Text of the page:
Meanwhile, the Washington Post featured Michael Roth, the president of Wesleyan University, writing about how the same issues loom over campus protests: structural inequality, global warming, and the perilous, unstable economy.
These are not ‘minor’ or ‘micro’ issues, and our students know it. They are faced with a world beyond the university that is threatened ecologically, economically and culturally, and they are doing their best to prepare themselves for these challenges. They are studying physics and religion, design and economics, and sometimes they stand up and make themselves heard. Sometimes they are filled with rage, sometimes with fear. They will make mistakes, but they don’t need columnists to tell them that the main problem isn’t Halloween.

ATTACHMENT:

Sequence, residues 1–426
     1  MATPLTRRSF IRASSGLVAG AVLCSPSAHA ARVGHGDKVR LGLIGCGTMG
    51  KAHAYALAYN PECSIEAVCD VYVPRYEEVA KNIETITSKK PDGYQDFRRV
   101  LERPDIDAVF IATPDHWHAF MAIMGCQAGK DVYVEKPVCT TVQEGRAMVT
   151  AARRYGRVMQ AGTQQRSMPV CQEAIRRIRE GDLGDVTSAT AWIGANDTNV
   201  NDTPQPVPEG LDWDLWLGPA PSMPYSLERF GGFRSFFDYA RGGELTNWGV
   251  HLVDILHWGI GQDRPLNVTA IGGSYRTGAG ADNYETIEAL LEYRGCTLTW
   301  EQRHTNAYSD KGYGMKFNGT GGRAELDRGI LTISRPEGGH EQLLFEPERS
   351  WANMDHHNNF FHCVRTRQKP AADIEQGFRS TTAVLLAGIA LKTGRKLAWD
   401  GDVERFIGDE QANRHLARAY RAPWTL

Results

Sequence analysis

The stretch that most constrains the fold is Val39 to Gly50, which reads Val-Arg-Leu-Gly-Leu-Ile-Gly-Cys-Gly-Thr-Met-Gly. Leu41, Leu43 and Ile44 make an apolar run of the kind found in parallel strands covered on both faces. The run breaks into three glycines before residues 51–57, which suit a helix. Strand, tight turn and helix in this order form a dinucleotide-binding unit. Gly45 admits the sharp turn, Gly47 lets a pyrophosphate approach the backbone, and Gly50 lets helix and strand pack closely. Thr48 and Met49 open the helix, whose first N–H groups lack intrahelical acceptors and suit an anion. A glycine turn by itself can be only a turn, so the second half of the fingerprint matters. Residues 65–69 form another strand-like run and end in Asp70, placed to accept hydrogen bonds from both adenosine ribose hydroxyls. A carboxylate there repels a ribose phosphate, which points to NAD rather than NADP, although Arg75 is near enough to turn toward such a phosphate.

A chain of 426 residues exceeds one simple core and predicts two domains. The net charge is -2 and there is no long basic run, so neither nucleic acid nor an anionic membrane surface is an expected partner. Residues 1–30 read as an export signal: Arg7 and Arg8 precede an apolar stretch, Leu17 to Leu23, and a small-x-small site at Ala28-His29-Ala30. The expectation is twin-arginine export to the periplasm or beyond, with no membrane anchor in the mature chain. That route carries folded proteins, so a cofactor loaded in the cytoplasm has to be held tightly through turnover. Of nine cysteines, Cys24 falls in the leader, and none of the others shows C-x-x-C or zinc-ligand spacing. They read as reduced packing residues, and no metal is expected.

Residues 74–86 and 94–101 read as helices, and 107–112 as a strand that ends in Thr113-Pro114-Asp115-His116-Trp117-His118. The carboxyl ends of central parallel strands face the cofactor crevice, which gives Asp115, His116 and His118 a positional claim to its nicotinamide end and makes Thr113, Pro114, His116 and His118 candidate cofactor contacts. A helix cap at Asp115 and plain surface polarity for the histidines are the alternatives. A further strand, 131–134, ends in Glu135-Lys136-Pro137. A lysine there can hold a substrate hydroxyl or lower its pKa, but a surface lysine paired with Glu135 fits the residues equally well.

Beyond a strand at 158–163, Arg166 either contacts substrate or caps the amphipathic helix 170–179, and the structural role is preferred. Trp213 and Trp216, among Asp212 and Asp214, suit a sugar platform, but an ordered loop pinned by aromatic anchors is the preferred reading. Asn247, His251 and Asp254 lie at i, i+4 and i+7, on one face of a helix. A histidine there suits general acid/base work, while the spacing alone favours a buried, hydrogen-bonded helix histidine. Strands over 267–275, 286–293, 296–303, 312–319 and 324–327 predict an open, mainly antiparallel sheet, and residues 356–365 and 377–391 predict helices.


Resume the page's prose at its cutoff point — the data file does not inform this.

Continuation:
It felt refreshing to read Roth, an administrator, presumably the target of his share of protests, declare that he is “sick of hearing about pampered students with coddled minds.” Although he admits that he doesn’t always agree with the protesters on his own (very liberal) campus, Roth espouses a more optimistic and wide-ranging view of the protesters, whom he sees as more than a monolith. He also takes a shot at the category that includes Gitlin, noting that “liberal columnists, for their part, can’t understand why the particular struggles of their heroic youth aren’t simply taken up by their militant descendants.” To Roth, asking, “Why aren’t they protesting the way we protested?” ignores the fact that today’s problems and contexts are very much not the same problems faced in the ’60s, the ’90s, or even five years ago.